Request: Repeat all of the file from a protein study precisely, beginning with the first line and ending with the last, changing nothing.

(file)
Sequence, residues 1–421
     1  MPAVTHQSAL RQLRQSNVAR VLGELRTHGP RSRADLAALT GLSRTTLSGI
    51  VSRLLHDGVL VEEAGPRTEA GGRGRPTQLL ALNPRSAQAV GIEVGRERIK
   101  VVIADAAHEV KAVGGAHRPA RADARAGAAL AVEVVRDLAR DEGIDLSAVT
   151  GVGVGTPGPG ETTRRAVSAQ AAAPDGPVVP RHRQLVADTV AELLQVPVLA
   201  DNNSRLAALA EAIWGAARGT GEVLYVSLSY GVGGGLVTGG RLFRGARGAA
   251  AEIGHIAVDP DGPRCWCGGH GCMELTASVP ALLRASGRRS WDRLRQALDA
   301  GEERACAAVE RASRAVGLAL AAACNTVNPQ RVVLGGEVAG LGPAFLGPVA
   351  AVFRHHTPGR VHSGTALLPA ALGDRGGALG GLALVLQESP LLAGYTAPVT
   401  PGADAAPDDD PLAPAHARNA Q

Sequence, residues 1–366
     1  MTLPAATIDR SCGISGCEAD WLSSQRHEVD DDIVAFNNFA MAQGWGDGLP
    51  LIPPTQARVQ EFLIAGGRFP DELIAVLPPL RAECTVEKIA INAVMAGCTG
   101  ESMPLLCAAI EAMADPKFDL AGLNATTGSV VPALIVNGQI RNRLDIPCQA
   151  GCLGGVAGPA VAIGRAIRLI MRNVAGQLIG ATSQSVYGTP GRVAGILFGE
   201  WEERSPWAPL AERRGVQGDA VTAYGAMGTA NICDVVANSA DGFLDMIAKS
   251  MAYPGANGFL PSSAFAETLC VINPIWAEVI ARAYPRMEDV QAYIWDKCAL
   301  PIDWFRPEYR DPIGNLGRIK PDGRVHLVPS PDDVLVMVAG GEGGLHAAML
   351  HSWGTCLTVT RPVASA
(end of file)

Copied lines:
Sequence, residues 1–421
     1  MPAVTHQSAL RQLRQSNVAR VLGELRTHGP RSRADLAALT GLSRTTLSGI
    51  VSRLLHDGVL VEEAGPRTEA GGRGRPTQLL ALNPRSAQAV GIEVGRERIK
   101  VVIADAAHEV KAVGGAHRPA RADARAGAAL AVEVVRDLAR DEGIDLSAVT
   151  GVGVGTPGPG ETTRRAVSAQ AAAPDGPVVP RHRQLVADTV AELLQVPVLA
   201  DNNSRLAALA EAIWGAARGT GEVLYVSLSY GVGGGLVTGG RLFRGARGAA
   251  AEIGHIAVDP DGPRCWCGGH GCMELTASVP ALLRASGRRS WDRLRQALDA
   301  GEERACAAVE RASRAVGLAL AAACNTVNPQ RVVLGGEVAG LGPAFLGPVA
   351  AVFRHHTPGR VHSGTALLPA ALGDRGGALG GLALVLQESP LLAGYTAPVT
   401  PGADAAPDDD PLAPAHARNA Q

Sequence, residues 1–366
     1  MTLPAATIDR SCGISGCEAD WLSSQRHEVD DDIVAFNNFA MAQGWGDGLP
    51  LIPPTQARVQ EFLIAGGRFP DELIAVLPPL RAECTVEKIA INAVMAGCTG
   101  ESMPLLCAAI EAMADPKFDL AGLNATTGSV VPALIVNGQI RNRLDIPCQA
   151  GCLGGVAGPA VAIGRAIRLI MRNVAGQLIG ATSQSVYGTP GRVAGILFGE
   201  WEERSPWAPL AERRGVQGDA VTAYGAMGTA NICDVVANSA DGFLDMIAKS
   251  MAYPGANGFL PSSAFAETLC VINPIWAEVI ARAYPRMEDV QAYIWDKCAL
   301  PIDWFRPEYR DPIGNLGRIK PDGRVHLVPS PDDVLVMVAG GEGGLHAAML
   351  HSWGTCLTVT RPVASA